The crisis resolution required a game changer, an unimaginable volte-face. My proposal to Prime Minister Benjamin Netanyahu was to release Sheikh Ahmed Yassin, the quadriplegic founder and leader of Hamas, as a token to King Hussein. Netanyahu rejected my suggestion as “impossible” on Sept. 26 — and then hastily adopted it the following day. Thus was the probable suspension by Jordan of the peace treaty with Israel averted.
As it happens, the current situation has deteriorated even as the state comptroller released a report on the 2014 war between Israel and Hamas. It cites the total absence of consideration of political options as alternatives to what Israel called Operation Protective Edge, the military incursion that has neither afforded long-term “protection” nor affirmed any “edge.”
That was the latest of three major Israeli attempts in the last 10 years to change the status quo in Gaza, all of which have ended in what has been described as “deterrence” of Hamas, but in practice has been mutual deterrence. Can we reset this march of folly?
Back to my audience with King Hussein. He had sent the Mossad, Israel’s spy agency, an oral message on behalf of Hamas offering a kind of armistice with Israel, potentially extending for decades, about a week before the botched assassination attempt. The Mashal operation was perceived as a direct reaction to that. In fact, nobody on the Israeli side had thought the Hamas offer worthy of response — nobody in the Mossad even vaguely entertained sending it to the political level for consideration. King Hussein was a veteran in the practice of how to keep deadly enemies at bay, and he used the occasion to impart some of this wisdom to me.
In the 20 years since we spoke, we have seen the Second Intifada (2000-2005) with more than 1,000 Israeli deaths and over 6,000 wounded as well as more than 4,000 Palestinians dead and 30,000 wounded; a withdrawal of Israel from Gaza and the northern part of the West Bank; and the three inconclusive campaigns against Hamas in Gaza. Yet the political level in Israel is still refusing to allow attempts to begin a dialogue with Hamas because, it is said, it has blood on its hands and continues to advocate the destruction of Israel.
The state comptroller quotes Netanyahu as saying there is no sign that Hamas is changing its policy toward Israel. Officially this is true. On the other hand, Hamas leaders have expressed themselves in private to high-level former political figures and former diplomats in very different terms. I know this for a fact.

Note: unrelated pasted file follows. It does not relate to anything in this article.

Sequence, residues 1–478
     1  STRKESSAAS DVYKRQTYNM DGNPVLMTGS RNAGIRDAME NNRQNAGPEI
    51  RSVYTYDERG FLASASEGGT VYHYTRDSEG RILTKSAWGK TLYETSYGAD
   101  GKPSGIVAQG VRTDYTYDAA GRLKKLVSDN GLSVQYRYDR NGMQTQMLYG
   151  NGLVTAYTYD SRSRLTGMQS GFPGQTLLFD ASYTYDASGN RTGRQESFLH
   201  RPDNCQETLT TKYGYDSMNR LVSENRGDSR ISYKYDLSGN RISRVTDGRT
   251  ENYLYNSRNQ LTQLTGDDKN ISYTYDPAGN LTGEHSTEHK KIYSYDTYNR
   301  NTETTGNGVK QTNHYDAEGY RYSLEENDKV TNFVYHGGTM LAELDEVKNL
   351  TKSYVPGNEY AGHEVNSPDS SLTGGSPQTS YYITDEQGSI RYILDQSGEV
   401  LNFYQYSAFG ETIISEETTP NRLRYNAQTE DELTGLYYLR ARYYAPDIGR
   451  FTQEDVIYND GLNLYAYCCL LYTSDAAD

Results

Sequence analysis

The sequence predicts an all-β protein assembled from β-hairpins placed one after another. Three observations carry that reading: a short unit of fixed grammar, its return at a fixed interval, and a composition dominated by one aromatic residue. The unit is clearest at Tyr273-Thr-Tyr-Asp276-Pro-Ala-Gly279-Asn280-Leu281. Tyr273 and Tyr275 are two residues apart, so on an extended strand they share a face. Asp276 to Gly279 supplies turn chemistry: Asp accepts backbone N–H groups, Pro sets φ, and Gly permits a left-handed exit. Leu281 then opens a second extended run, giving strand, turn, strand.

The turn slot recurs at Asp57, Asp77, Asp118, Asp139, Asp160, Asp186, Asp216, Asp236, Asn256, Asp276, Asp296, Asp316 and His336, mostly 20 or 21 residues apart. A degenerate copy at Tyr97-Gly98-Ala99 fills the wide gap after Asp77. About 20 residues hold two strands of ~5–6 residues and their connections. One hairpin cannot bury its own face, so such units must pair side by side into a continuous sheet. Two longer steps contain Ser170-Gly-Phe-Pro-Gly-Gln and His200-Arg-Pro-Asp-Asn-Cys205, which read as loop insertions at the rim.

The international contacts of Hamas are growing. At the end of the last Gaza war, Russian Foreign Minister Sergey Lavrov met Mashal in Doha, Qatar, and invited him to visit Moscow. Mashal is leaving the position of head of the Hamas political bureau and is a serious candidate to succeed Mahmoud Abbas as president of the Palestinian Authority.
There remains no good case for Israel to shun Hamas. Israel rightly prides itself as one of the strongest powers in the Middle East, but it will gain nothing from yet another round of fighting. Game changers must come from those who have the upper hand.
If the United States coaxes Israel in this direction, Washington could benefit greatly and even enlist Moscow as an interested party. If on the other hand Israel opts once again to turn a deaf ear to the drums of war and fighting breaks out, Israel alone will “own” the result. Nobody will expend funds and political clout on behalf of Jerusalem — and the United States will be unable to save its ally from its own deeds and misdeeds.
Time is running out, and the last thing President Trump needs is the type of sudden major crisis so often produced by the Middle East players. I believe Prime Minister Netanyahu himself does not relish it — and he once showed me he can change course in a day.